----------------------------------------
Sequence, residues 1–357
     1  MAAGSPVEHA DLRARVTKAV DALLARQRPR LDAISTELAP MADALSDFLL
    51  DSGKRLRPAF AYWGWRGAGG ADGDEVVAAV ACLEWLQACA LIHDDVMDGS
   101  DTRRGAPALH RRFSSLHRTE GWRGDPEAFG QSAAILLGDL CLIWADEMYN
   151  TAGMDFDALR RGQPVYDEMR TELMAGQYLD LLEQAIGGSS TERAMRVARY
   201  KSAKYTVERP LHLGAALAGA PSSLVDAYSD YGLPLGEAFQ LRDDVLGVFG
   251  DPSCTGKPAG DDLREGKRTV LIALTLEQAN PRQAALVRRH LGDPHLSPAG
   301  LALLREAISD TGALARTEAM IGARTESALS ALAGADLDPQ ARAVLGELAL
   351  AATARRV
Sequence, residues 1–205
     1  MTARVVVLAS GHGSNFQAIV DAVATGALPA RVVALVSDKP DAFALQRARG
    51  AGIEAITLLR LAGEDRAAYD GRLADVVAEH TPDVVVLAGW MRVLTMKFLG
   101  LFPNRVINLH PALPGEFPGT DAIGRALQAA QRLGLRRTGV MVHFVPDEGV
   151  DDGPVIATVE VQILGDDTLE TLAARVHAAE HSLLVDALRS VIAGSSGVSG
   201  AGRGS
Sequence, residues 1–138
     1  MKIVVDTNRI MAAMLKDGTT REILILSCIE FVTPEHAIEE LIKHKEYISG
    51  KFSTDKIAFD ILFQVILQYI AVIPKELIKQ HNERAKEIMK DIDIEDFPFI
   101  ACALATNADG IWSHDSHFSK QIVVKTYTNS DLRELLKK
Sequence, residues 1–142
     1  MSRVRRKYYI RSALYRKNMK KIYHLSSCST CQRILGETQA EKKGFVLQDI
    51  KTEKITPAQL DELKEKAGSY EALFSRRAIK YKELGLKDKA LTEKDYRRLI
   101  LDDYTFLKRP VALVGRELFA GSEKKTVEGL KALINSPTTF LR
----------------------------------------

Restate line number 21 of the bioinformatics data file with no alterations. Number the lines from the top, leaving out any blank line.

     1  MSRVRRKYYI RSALYRKNMK KIYHLSSCST CQRILGETQA EKKGFVLQDI